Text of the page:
Ethereum wants to make its proof-of-stake model simpler for better efficiency. Right now, validating transactions on the Ethereum blockchain is done by a large number of validator nodes, around 895,000 of them, and they generate about 28,000 signatures in each time slot. This huge number of signatures puts a strain on the network and makes it difficult to make improvements.
As Vitalik Buterin, Ethereum co-founder, pointed out, having such a large number of validators creates technical challenges. The large volume of signatures makes it complicated to make changes like view merge, which is when multiple signatures are combined to make block propagation faster. Dealing with all these signatures also takes more time, so additional sub-slots are needed to finalize blocks.
On top of that, processing all these signatures makes it difficult to implement some upgrades in the protocol. There aren’t efficient alternatives available yet to handle the many signature validations that happen in each slot. Beyond the protocol itself, the huge number of signatures also has a high requirement that only a few operators can reliably provide. If the number of validators keeps growing, it could overwhelm the capabilities of the nodes.
Buterin Proposes Changes Aimed at Simplifying the Proof-of-Stake Mechanism
Buterin has suggested limiting the number of active validators and, as a result, the number of signatures in each slot. The main idea is to reduce the signatures to around 8,192, which is a more than 65% decrease from the current 28,000. This significant reduction in signature volume would make protocol development and node operation much simpler.
A PoS simplification proposal: make a design that only requires 8192 signatures per slot (even with SSF), making the consensus implementation considerably simpler and lighter.
— vitalik.eth (@VitalikButerin) December 27, 2023
The proposals also outline different strategies to limit validator participation while maintaining adequate security levels. One approach suggests using decentralized staking pools with a minimum balance requirement of 4,096 ETH and a total number of 4,096 validators. Smaller holders would delegate their stakes to reputable pools that meet the higher balance requirement.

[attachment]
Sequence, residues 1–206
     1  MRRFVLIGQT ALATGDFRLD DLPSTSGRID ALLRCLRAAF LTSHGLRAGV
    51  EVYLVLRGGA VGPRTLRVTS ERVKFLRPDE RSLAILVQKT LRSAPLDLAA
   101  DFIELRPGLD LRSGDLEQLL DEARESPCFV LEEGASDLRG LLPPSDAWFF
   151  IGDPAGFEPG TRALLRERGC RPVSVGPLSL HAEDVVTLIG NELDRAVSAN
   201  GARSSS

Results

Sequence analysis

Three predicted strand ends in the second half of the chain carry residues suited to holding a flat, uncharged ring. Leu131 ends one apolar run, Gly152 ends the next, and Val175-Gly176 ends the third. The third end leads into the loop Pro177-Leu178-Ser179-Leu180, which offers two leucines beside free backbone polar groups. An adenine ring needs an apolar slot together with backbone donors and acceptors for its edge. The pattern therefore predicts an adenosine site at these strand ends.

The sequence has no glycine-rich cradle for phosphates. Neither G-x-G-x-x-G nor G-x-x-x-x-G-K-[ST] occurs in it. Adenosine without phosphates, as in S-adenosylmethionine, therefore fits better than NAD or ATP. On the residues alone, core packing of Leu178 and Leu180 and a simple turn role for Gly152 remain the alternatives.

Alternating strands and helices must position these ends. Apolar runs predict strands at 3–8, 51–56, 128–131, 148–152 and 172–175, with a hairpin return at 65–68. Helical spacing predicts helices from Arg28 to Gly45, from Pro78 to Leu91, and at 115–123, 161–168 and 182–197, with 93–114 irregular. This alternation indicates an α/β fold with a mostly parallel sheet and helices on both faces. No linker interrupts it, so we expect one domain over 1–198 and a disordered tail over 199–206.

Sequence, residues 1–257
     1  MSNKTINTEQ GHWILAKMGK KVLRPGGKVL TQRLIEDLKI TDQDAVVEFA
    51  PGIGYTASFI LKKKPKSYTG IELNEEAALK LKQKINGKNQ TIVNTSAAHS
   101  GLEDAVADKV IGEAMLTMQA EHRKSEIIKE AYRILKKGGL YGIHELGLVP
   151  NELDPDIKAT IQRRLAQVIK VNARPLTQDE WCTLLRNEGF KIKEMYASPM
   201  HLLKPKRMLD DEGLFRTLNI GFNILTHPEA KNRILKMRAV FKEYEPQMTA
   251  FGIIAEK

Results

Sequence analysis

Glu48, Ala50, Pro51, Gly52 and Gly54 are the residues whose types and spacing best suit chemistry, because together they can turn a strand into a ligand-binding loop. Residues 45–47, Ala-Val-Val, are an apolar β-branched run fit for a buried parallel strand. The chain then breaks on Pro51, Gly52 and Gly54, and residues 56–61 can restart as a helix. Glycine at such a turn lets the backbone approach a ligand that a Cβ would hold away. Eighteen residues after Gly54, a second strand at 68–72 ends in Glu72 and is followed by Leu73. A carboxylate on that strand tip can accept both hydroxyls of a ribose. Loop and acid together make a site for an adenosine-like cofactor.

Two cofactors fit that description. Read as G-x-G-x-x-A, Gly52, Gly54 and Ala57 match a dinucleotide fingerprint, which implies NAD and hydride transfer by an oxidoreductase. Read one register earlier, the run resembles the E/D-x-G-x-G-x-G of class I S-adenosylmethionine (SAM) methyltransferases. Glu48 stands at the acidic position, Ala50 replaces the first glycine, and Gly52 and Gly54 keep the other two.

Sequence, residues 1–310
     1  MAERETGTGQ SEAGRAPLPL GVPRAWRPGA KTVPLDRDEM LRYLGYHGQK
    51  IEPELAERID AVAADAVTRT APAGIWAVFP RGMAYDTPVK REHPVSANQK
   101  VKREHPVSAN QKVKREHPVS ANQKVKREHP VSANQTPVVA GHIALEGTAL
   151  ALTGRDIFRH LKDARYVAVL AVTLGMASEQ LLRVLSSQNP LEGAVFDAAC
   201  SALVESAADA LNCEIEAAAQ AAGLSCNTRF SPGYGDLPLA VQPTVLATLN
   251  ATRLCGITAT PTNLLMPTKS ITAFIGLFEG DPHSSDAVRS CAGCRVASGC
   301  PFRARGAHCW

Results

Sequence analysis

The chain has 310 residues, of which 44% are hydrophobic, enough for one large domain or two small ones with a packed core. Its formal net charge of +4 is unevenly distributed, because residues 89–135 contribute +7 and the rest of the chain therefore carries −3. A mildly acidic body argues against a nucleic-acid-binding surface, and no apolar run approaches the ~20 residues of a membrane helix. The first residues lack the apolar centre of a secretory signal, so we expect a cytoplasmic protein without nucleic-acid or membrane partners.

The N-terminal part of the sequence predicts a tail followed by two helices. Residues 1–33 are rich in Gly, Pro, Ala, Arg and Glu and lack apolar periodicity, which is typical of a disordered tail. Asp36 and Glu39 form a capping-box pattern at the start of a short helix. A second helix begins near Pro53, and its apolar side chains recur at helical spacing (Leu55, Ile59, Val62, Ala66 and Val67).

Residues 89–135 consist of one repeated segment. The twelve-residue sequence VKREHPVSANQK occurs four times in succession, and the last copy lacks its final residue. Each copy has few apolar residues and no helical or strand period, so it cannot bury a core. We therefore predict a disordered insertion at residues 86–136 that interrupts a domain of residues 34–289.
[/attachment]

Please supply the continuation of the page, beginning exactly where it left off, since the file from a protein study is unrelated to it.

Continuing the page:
Another suggestion is a two-tier participation model. A “light” committee made up of the majority of decentralized pools (with over 50% consensus) would finalize blocks generated by the wider validator pool. There is also the idea of rotational participation committees, where subsets of validators are randomly selected based on their balance. Validators with larger balances always qualify, while validators with smaller balances have a chance of being assigned based on fractional odds.
Emphasis Placed on Blockchain Security
Buterin emphasized that these proposals provide credible ways to limit the number of signatures without compromising security or showing favoritism. The focus is on maintaining a functional system before pursuing ambitious goals that could jeopardize stability. Prioritizing security and transaction finality allows for measured progress that stays true to these core objectives.
If future advancements make it possible to scale the number of signatures without any drawbacks, the limit could be reconsidered. But for now, the goal is to achieve an attainable target that promotes reliable progress.
The coming months will reveal how the community finds a balance between decentralization, efficiency, and the cost of participating in the Ethereum proof-of-stake system.
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